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back to article Oracle tries to bust out of storage also-ran box

Oracle says it is seeing strong growth in its NAS, SAN and tape storage portfolio. Maybe a high-end Axiom array is coming but, even so, there's no sign Oracle is about to emerge from the IDC Storage Tracker's "Others" category. The data excludes Oracle's engineered Exa- systems (Exadata, Exalytics, etc) and refers to basic …

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Anonymous Coward

The problem . . .

. . . is that you have to do business with Oracle, which is already a big turn-off for many.

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Anonymous Coward

Oracle had a storage business...

which was the HDS resell business they killed it. Pillar is a joke. They only bought it because Larry was the largest shareholder and it was about to go bankrupt. Nothing at all interesting in Axiom. ZFS arrays were interesting in the 90s, but they have been surpassed by NetApp... and now IBM V7 and EMC VNX. Those 40 of the global 100 companies have probably been running ZFS since the 90s. It certainly isn't any new tech that people are scrambling to get their hands on.

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Bronze badge
WTF?

Re: Oracle had a storage business...

Do tell: why is Pillar a joke?

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Anonymous Coward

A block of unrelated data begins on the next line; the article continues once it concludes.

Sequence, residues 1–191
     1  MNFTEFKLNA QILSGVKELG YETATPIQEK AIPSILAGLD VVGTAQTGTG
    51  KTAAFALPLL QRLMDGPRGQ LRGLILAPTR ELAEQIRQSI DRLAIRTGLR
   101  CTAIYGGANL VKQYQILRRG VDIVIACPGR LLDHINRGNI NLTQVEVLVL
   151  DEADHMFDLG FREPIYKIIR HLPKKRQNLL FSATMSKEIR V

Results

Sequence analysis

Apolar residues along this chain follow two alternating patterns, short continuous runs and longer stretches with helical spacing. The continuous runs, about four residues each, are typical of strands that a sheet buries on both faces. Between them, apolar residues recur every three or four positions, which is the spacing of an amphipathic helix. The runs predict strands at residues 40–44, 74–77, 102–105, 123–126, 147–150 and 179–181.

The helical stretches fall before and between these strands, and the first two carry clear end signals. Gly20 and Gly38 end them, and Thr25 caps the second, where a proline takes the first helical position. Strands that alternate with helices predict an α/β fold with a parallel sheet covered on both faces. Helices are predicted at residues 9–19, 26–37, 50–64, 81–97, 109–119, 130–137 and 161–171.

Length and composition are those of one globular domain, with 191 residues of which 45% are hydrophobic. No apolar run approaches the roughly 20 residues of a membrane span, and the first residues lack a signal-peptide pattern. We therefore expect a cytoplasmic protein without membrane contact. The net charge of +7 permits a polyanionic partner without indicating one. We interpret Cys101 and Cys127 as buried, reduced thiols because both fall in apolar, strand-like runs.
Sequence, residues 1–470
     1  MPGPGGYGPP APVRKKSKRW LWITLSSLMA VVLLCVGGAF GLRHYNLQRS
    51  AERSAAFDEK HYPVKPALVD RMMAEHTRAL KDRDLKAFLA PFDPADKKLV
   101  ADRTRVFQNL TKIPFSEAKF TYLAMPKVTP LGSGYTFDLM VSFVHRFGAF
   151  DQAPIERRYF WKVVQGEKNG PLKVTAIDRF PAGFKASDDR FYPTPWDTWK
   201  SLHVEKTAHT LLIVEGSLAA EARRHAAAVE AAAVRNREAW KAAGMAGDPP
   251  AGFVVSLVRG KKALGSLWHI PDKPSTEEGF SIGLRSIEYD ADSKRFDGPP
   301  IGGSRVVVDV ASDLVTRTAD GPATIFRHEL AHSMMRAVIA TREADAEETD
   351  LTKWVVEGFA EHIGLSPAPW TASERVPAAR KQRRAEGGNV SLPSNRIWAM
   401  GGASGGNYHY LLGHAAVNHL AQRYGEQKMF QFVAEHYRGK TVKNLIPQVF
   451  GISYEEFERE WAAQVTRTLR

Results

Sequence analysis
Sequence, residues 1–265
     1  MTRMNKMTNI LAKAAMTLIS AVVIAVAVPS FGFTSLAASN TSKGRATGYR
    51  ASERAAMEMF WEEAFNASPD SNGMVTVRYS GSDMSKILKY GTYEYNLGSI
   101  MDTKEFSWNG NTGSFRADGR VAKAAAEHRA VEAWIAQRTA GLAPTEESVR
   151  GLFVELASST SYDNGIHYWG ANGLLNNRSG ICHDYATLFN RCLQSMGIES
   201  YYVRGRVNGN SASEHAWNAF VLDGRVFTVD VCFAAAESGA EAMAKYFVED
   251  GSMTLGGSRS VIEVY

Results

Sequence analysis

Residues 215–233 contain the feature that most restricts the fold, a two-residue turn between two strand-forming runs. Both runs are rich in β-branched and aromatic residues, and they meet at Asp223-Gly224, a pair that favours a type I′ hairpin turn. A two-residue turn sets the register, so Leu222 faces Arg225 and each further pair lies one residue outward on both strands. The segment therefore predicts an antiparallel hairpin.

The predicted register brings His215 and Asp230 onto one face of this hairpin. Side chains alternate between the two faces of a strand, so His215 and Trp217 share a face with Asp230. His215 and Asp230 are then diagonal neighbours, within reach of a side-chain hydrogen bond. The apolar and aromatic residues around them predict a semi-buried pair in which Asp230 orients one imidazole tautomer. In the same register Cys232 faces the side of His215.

Re: Oracle had a storage business...

I wrote "joke" because Pillar only gained a handful customers in 10 years and was purchased by Oracle for nothing. A fire sale to prevent bankruptcy. Oracle is now treating it as a revolutionary technology that is growing rapidly.

Their IO QoS prioritization secret sauce was rendered unnecessary when the large wide stripers came in an delivered more than enough IO with no IO prioritization through a parallel IO architecture (XIV and Isilon for NAS). For those that wanted to prioritize volumes based on IO, even though it is generally not necessary in a parallel architecture, the auto-tiering approach won the day (Compellent and EMC).

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Anonymous Coward

Another Oracle numbers contradiction

According to Oracle, Exa is going to the moon and doubling every year. Storage is increasingly rapidly. Legacy Sparc stuff is growing. The only thing that isn't growing is x86 servers which they are intentionally ending, so who cares. Sun never sold very many x86 servers, $200 million per quarter at its peak. Oracle's overall hardware has dropped from $2.1 billion per quarter (Sun's 2008 numbers) to $900 million a quarter, so it has dropped in more than half. They also claim that Exa is over a billion per year or over $250 million per quarter. Pillar was a piddly $25-30 million per quarter prior to the Oracle acquisition.... so legacy Sun is about $600 million per quarter... or about 1/4th the size it was in 2008, which is also demonstrated in Oracle's audit financials. In their marketing department's financials, everything is booming.

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Anonymous Coward

100 new customers worldwide in 12 months - HP have added 100 new 3PAR customers in just the UK in the same period!

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